Infrastructure // Unified Communications
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3/11/2005
09:59 AM
Fred Langa
Fred Langa
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Langa Letter: Rust Never Sleeps: How To Deal With Moisture And Corrosion In Your PC

PCs in non-air-conditioned spaces may need special care. Fred Langa offers a series of options for providing that care and ensuring the longevity of your PC.

In two recent columns, we discussed some physical maintenance that can improve the performance and longevity of just about any PC (see Getting The Grunge Out Of Your PC) or laptop (see Curing Laptop Overheating), but there's a huge number of PCs that also may benefit from some additional care.

You see, most businesses are small businesses, and the PCs used therein don't reside in the air-conditioned, high-rise corporate towers, sprawling industrial complexes, or white-collar cube farms of the larger corporations.

In fact, those air-conditioned spaces are relatively benign for PCs. But they may also be the exception rather than the rule in business. Consider that when most people think of business, they think of the "Fortune 500" or "Forbes 500" or some such. But those lists, by definition, encompass only 500 companies. Now consider that there are fully 17 million small, non-farm businesses in the U.S. According to the US Department of Labor, an astonishing 99.7% of all US employers are classified as "small businesses;" and they employ an aggregate of 52% of the private workforce and account for 51% of the nation's total sales. "Big Business" is actually the minority player in the US economy.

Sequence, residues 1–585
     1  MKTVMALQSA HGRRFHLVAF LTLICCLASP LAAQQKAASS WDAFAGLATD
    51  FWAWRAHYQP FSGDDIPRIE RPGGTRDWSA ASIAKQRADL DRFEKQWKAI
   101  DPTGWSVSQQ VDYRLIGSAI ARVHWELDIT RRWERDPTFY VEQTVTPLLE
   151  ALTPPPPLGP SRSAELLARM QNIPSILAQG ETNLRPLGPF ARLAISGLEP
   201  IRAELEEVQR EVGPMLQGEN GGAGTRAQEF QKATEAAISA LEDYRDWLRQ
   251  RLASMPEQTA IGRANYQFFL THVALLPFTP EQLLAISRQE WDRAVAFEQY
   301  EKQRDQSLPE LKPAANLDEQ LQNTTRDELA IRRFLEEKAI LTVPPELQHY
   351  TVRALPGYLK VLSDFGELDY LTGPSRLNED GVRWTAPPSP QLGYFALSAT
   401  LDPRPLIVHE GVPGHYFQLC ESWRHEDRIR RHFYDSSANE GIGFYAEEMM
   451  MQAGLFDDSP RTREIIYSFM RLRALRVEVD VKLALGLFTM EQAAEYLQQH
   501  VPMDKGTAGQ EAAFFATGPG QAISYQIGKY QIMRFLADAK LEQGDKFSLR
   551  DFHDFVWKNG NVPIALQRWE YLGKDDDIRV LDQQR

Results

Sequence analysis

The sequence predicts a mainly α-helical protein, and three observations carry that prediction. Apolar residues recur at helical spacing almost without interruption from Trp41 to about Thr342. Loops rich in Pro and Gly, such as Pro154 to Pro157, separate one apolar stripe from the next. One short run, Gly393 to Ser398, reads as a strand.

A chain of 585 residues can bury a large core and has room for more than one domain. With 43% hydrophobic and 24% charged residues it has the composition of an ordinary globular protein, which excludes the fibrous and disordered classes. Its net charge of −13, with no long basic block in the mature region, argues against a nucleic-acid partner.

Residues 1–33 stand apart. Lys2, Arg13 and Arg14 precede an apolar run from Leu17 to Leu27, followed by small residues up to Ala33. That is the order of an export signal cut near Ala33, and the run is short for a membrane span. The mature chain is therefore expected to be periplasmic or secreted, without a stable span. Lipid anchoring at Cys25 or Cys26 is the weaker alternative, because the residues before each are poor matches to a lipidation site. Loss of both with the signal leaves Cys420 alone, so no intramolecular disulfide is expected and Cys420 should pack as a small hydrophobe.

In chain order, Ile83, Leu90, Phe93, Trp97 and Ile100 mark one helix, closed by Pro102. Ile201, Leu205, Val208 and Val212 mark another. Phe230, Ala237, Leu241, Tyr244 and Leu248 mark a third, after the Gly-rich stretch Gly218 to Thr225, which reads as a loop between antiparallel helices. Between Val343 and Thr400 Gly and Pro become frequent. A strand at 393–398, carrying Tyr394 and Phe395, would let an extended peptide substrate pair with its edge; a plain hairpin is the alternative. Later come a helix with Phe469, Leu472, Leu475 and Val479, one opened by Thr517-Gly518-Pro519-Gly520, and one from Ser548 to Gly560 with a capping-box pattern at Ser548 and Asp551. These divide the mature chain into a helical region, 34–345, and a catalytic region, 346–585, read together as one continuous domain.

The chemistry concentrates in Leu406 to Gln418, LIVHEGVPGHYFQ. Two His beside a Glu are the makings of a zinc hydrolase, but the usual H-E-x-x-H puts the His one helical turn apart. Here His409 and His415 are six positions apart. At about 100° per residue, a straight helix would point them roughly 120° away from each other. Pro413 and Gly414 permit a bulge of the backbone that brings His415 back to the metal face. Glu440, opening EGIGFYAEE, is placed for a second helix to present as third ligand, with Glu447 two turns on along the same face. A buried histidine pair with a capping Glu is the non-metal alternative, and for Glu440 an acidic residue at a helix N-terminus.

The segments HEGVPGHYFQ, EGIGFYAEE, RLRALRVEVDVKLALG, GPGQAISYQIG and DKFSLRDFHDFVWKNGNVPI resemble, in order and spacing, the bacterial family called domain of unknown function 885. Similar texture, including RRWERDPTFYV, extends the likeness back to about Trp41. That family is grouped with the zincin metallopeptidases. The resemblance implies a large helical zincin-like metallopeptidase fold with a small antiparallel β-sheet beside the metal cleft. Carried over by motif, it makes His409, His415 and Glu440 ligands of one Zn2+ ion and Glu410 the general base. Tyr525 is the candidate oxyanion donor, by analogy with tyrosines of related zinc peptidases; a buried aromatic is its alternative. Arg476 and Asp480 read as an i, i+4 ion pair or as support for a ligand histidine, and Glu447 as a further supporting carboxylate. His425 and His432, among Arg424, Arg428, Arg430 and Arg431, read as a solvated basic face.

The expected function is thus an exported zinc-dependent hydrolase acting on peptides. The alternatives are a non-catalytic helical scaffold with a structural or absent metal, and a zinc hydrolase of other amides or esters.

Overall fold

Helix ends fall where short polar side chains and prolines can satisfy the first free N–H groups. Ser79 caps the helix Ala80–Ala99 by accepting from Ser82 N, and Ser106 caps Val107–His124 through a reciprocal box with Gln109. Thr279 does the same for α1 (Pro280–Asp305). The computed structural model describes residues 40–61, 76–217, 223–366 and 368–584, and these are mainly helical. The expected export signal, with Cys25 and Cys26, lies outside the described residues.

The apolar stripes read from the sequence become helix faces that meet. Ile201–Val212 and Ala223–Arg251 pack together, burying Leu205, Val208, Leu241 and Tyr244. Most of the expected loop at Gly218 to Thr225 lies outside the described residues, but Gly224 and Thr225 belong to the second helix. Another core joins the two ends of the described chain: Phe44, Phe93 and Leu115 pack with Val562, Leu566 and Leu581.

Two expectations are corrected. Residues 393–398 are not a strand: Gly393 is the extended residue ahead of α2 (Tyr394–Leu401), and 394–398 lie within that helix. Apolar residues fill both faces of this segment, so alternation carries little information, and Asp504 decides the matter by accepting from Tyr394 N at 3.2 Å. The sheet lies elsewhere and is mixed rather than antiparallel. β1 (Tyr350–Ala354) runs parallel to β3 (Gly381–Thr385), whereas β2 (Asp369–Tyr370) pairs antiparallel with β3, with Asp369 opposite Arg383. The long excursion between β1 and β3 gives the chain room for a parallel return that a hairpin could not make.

That means that a huge number of "business PCs" don't necessarily live in temperature-, humidity- and dust-controlled spaces. Rather, many of these business PCs may face much harsher operating conditions with wide temperature swings and/or sustained high temperatures, dirt and dust in the air, high humidity, and so on.

(And, not trivially, because many of us bring our work home, it's worth noting that most home systems also face operating conditions far, far worse than ideal.)

Here's a real-life example:

Fred: In the part of the world where I live, we have the same temperature and weather conditions all year, which makes it impractical to use air conditioning. Every day is like a Windows XP desktop wallpaper; pristinely clear with a couple clouds. The problem is the salt. Our community is bordering the ocean. Motherboards and electronics last on average about two years because of the corrosion and rust. Even now, my one-year-old motherboard just lost its PS2 ports and I am using USB adapters for my keyboard and mouse. Is there something that the motherboards and electronics can be dipped in to remove the salt contamination? I am a PC technician and this problem is pervasive here, and expensive. I guarantee you have never seen such weird problems as we get here (ex: Motherboard setting ALL ports at IRQ3, 40 wire cables detected as 80 wire cables and the motherboard will not allow formatting, temperature sensors stuck on 185F/85C, etc.).

-- Howard Rubin

That's an extreme example, of course. But even in less extreme instances, slowly corroding contacts in a PC's plugs, sockets and switches can lead to less-reliable operation and early system failure.

But there's a lot you can do. There are several technologies and products specifically meant for PC use that will solve many of the more common kinds of moisture/corrosion problems, and for severe cases like Howard's, you can borrow technology from the marine, aviation, and automotive industries, which have time-tested, proven remedies and preventatives for making electrical gear more corrosion resistant even in very harsh conditions.

Let's start with a roundup of different technologies and products that can be used on newer, cleaner systems, aimed mostly at preventing corrosion. They also can be used on older systems that have been thoroughly cleaned first (we'll come back to this.)

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